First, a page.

At the meeting with the Ministers we also discussed the plan announced recently by the Government to establish an Aboriginal and Torres Strait Islander Centre of Excellence in Health at the Canberra Hospital. I expressed some surprise that neither the reason nor rationale for the creation of the Centre of Excellence in Aboriginal and Torres Strait Islander Health had been conveyed to either me or anyone at Winnunga AHCS. I explained it was not clear what role the Centre would play and how it would relate to Winnunga AHCS – the first choice for health care for the majority of Canberra’s Aboriginal community. The Minister advised that while she had understood that Winnunga AHCS had been consulted about the proposal she was most concerned that that was not the case. I await with interest an explanation of what it is that the proposed Centre will do.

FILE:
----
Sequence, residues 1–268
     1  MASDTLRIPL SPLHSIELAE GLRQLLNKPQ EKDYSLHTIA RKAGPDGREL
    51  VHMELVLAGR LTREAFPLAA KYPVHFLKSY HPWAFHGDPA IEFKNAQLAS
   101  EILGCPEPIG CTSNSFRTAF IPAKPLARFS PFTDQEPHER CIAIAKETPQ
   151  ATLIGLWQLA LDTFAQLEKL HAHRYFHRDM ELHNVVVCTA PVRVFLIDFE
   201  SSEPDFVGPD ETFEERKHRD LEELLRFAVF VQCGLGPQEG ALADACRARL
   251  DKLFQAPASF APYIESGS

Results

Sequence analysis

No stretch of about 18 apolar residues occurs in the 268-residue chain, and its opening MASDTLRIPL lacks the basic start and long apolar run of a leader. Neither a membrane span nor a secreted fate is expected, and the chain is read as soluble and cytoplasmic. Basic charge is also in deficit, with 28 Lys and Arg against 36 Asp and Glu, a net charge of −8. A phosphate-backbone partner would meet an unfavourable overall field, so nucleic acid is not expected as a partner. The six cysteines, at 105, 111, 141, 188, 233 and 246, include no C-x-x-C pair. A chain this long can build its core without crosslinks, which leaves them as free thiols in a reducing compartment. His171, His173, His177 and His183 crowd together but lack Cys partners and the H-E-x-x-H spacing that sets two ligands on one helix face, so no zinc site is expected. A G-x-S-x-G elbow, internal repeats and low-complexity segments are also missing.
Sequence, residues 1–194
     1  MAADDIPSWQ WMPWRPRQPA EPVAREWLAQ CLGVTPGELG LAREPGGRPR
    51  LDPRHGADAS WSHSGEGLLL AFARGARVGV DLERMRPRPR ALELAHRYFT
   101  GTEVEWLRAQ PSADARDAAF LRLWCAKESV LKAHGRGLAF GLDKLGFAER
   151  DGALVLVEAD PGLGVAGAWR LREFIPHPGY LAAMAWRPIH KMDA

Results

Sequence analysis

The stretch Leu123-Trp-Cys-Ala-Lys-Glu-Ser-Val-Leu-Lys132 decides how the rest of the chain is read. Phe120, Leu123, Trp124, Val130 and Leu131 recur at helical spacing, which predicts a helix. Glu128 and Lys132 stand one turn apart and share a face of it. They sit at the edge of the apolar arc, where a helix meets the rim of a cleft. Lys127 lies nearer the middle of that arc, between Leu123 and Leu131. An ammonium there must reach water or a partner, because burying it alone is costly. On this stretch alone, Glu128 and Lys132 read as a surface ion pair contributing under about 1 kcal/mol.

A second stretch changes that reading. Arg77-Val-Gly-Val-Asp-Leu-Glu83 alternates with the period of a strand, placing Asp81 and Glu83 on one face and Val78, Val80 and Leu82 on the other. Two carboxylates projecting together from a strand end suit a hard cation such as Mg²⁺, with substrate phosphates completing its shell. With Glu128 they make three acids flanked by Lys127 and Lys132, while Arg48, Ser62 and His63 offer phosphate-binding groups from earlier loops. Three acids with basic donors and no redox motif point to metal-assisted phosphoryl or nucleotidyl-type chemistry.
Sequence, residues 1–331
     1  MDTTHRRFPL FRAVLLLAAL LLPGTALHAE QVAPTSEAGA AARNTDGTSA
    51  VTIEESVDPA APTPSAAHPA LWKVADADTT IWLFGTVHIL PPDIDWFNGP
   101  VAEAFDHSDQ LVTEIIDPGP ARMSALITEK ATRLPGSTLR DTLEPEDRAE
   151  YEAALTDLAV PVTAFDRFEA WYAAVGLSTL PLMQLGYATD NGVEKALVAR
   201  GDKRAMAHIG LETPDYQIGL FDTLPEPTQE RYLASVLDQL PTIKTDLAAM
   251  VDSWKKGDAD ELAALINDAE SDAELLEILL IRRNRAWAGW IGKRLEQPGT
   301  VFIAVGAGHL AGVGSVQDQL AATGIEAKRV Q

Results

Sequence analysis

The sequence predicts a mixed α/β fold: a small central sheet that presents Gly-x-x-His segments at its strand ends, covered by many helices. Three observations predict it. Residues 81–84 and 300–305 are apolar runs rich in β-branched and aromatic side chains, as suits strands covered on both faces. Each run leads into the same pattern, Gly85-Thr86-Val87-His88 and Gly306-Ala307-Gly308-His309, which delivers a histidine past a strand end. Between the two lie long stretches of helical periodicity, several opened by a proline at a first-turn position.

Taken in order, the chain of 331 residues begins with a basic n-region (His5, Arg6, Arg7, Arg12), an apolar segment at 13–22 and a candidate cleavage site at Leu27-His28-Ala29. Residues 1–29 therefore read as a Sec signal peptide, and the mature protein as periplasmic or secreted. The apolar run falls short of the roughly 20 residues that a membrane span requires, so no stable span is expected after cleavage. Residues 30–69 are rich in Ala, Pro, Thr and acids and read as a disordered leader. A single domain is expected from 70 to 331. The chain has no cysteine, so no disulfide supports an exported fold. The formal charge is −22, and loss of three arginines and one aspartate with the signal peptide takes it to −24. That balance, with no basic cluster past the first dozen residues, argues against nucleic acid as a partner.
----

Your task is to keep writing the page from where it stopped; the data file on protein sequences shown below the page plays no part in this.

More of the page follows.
I also discussed with the Ministers my concerns about the continuing delay in finalising the tender process for the return of Boomanulla Oval to Aboriginal control and management.

The meeting with Ms Fitzharris and Ms Stephen-Smith was open and constructive and I look forward to their continued interest in, and support of the local Aboriginal and Torres Strait Islander community.

6.QLD : Apunipima ACCHO Closing the Gap on health inequality for Indigenous mothers and babies in Cape York

Apunipima Cape York Health Council announces a new project to address the health inequality of Indigenous mothers and babies in Cape York.

Families in remote Cape York communities will benefit from a new project being undertaken by Apunipima Cape York Health Council to improve nutrition before, during and after pregnancy.

Apunipima has been awarded funding from Northern Queensland Primary Health Network (NQPHN) to deliver the Optimal Infant Nutrition for Cape York Mums Project.